Trademark Law

Taco Bell seeks to cancel trademarks for 'Taco Tuesday' in 'liberation' campaign

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Taco Bell filed two petitions to cancel trademark registrations for the phrase “Taco Tuesday” last week while touting its “liberation” campaign.

The petitions seek to cancel trademarks registered by Gregory Hotel Inc. and Spicy Seasonings, which operates the Taco John’s restaurant franchise, according to Bloomberg Law and a May 16 press release.

The Gregory Hotel trademark covers only the state of New Jersey, while Spicy Seasonings has registered the mark in 49 other states, according to an FAQ page.

Taco Bell is not seeking damages or trademark rights in the “Taco Tuesday” phrase.

Both petitions (here and here) have a preface that begins with nearly identical wording.

“People like tacos on Tuesdays,” the preface to the Taco John’s petition says. “They just do. It’s even fun to say: ‘Taco Tuesday.’ Tacos have the unique ability to bring people together and bring joy to their lives on an otherwise mediocre day of the week. But since 1989, entities associated with registrant have owned a federal trademark registration for ‘Taco Tuesday.’ Not cool.”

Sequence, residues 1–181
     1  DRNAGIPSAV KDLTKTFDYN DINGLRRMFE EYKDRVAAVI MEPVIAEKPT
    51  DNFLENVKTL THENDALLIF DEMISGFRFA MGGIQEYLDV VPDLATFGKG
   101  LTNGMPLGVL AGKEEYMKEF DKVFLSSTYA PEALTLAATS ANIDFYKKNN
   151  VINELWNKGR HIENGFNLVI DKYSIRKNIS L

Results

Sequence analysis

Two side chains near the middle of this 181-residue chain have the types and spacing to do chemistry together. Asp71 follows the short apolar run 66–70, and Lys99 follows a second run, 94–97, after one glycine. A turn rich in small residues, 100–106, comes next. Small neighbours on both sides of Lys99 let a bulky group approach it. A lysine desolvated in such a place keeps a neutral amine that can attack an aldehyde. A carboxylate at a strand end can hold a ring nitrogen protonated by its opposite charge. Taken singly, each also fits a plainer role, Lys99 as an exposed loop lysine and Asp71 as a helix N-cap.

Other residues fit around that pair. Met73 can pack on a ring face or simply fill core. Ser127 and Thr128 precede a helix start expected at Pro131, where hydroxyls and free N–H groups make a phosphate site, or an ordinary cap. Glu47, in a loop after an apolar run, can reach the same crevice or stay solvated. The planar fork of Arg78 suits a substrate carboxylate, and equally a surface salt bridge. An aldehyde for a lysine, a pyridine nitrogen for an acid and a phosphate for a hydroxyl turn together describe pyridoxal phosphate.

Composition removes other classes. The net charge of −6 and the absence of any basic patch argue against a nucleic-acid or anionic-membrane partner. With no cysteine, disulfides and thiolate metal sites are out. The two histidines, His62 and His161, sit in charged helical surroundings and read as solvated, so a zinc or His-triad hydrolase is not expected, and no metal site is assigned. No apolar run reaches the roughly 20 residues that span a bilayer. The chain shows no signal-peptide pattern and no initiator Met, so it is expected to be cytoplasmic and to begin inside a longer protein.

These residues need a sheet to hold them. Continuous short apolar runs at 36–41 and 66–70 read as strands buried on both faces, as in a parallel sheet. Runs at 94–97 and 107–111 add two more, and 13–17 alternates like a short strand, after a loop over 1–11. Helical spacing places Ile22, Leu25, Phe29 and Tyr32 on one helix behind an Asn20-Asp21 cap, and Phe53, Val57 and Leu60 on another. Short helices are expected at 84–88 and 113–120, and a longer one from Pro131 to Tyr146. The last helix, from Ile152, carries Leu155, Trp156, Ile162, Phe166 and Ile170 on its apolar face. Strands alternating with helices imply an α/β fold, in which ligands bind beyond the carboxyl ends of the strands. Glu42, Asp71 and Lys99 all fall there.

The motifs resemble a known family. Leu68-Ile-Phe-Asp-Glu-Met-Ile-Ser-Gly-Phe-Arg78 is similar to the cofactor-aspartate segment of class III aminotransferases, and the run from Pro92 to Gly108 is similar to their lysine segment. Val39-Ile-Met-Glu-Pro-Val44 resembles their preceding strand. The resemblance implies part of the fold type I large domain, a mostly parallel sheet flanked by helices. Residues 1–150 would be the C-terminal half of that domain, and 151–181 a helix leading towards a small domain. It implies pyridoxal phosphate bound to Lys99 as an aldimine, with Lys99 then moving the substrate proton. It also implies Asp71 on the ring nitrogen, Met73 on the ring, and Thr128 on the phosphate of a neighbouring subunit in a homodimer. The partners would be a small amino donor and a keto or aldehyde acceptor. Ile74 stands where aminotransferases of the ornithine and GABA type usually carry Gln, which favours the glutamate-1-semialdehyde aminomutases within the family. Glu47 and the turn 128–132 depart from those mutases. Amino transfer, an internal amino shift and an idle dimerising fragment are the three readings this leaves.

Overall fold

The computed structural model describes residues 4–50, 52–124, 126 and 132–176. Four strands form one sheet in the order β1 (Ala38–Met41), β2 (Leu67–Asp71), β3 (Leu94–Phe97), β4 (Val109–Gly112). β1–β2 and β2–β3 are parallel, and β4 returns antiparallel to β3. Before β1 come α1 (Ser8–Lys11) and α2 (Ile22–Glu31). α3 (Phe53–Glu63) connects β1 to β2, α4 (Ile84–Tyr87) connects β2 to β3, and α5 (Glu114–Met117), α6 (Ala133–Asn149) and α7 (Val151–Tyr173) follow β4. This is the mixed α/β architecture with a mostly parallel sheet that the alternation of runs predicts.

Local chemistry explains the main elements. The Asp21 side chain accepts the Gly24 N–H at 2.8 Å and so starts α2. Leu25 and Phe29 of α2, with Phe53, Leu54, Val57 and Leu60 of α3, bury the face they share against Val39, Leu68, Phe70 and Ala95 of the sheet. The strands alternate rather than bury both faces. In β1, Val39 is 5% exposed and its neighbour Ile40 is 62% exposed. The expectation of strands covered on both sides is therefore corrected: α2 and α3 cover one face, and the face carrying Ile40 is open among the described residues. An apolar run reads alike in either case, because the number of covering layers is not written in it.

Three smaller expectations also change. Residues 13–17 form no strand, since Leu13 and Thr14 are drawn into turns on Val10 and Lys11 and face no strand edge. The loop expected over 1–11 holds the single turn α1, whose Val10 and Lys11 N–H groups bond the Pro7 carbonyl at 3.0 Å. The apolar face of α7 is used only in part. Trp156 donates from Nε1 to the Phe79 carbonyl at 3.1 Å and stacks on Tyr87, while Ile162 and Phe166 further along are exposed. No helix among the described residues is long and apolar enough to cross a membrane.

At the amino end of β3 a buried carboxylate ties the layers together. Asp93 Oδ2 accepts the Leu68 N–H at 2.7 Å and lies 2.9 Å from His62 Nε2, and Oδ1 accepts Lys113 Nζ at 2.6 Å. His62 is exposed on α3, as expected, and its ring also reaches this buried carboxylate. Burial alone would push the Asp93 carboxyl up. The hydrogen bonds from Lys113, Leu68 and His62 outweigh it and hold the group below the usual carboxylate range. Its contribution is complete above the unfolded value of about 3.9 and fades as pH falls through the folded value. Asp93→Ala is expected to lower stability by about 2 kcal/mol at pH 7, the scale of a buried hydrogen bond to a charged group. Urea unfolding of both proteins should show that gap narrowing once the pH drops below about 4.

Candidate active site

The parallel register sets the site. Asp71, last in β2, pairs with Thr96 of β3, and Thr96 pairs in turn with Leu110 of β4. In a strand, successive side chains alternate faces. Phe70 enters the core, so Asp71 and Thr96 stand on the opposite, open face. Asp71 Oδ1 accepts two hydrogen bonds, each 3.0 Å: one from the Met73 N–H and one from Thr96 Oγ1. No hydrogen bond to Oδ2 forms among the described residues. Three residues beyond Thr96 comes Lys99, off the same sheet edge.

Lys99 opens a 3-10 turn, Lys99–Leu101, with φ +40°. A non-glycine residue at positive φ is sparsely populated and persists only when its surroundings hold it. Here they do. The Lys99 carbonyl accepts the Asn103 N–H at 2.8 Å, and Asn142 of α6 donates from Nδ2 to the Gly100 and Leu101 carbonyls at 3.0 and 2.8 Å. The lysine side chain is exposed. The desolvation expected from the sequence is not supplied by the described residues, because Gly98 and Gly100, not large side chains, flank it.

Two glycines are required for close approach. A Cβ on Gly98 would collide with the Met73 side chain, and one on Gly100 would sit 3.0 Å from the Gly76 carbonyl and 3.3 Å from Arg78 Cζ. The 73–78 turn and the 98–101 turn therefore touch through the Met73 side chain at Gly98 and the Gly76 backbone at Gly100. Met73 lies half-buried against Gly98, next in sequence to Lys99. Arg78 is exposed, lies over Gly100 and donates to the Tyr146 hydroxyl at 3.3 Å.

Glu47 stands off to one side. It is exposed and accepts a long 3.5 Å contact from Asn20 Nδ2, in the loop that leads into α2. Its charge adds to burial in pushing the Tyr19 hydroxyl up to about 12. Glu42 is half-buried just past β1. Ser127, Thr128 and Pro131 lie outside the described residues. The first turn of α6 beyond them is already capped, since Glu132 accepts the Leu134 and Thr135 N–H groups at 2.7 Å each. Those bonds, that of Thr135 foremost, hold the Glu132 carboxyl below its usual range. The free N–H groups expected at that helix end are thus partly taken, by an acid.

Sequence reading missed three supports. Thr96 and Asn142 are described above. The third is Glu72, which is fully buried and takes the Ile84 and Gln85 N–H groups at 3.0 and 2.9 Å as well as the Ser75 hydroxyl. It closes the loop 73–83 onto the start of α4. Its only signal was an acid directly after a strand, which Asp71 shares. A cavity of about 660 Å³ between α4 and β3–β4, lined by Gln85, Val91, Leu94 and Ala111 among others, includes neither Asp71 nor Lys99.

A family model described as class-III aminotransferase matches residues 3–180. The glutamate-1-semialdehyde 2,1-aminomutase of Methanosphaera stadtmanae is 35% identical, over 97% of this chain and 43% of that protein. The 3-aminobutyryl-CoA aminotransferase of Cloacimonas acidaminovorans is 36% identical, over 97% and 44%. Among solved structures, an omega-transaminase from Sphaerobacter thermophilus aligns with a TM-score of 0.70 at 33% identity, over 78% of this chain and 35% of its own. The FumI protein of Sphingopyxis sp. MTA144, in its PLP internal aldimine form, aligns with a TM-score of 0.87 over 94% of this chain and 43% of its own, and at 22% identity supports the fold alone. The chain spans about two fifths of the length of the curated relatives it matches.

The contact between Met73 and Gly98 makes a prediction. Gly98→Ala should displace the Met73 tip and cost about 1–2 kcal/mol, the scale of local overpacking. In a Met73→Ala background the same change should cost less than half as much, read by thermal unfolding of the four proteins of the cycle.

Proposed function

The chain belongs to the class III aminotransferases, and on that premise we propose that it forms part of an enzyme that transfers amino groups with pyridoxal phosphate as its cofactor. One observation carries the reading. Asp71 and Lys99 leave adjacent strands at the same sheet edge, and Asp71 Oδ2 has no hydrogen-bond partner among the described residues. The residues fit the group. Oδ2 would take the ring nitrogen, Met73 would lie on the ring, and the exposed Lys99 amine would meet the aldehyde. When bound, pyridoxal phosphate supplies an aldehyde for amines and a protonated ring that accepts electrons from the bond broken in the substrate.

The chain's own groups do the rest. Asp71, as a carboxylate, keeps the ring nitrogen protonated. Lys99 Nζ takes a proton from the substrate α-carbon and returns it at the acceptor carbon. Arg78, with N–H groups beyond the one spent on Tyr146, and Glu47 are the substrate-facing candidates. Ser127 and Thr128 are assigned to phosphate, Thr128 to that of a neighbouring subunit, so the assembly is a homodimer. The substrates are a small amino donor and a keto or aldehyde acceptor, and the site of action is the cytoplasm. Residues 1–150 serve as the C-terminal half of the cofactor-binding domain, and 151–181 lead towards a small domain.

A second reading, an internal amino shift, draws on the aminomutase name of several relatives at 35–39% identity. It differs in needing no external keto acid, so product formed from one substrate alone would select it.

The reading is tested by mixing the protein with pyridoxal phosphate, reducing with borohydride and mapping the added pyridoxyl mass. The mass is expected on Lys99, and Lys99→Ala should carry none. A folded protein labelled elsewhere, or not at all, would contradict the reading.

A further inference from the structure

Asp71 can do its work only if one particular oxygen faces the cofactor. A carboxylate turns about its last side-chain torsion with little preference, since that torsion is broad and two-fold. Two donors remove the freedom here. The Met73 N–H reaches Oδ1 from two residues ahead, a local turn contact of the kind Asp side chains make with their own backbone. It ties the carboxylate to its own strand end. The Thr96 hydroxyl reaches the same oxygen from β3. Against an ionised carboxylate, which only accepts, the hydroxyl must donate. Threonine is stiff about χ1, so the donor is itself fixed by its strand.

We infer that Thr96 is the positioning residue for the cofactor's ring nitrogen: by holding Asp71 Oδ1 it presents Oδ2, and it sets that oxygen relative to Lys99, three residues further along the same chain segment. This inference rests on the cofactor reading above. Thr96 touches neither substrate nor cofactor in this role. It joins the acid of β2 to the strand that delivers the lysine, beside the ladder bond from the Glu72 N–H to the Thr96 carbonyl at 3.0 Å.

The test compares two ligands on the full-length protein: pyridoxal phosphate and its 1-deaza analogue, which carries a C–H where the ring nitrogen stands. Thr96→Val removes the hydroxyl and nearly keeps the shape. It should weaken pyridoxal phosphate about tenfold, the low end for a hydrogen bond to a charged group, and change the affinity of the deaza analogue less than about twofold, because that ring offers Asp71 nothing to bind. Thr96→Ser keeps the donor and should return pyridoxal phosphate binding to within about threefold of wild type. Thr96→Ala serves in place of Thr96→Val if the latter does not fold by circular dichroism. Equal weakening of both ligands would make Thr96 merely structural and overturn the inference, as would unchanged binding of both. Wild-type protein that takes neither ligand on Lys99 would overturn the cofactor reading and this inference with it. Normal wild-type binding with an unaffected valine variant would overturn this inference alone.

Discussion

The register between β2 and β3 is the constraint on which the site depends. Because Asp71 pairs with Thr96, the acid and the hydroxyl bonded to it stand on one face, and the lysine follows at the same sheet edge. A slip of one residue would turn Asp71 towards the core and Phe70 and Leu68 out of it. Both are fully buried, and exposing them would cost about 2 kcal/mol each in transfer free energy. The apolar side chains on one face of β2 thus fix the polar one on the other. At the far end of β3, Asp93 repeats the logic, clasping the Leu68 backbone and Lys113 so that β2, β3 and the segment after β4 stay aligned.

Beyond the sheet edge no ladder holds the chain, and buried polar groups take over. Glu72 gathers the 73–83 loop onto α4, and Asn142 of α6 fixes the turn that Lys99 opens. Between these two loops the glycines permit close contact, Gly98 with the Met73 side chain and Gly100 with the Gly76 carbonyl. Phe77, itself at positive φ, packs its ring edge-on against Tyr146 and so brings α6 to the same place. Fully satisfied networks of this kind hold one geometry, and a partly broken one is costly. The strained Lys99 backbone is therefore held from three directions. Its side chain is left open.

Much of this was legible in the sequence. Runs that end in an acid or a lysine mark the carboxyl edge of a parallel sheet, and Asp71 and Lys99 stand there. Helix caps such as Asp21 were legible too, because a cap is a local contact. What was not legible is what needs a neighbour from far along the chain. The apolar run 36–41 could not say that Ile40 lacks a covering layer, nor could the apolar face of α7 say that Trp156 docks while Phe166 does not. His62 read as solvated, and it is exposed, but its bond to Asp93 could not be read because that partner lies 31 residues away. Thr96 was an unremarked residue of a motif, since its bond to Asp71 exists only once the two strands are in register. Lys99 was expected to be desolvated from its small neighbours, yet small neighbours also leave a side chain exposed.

The petitions say “Taco Tuesday” has become a generic phrase. A recent survey commissioned by Taco Bell shows that 86% of consumers nationwide think that it is a common name not associated with a particular company, the petitions say.

Jim Creel, CEO of Taco John’s, commented in a statement to Bloomberg Law.

“When a big, bad bully threatens to take away the mark our forefathers originated so many decades ago, well, that just rings hollow to us,” Creel said.

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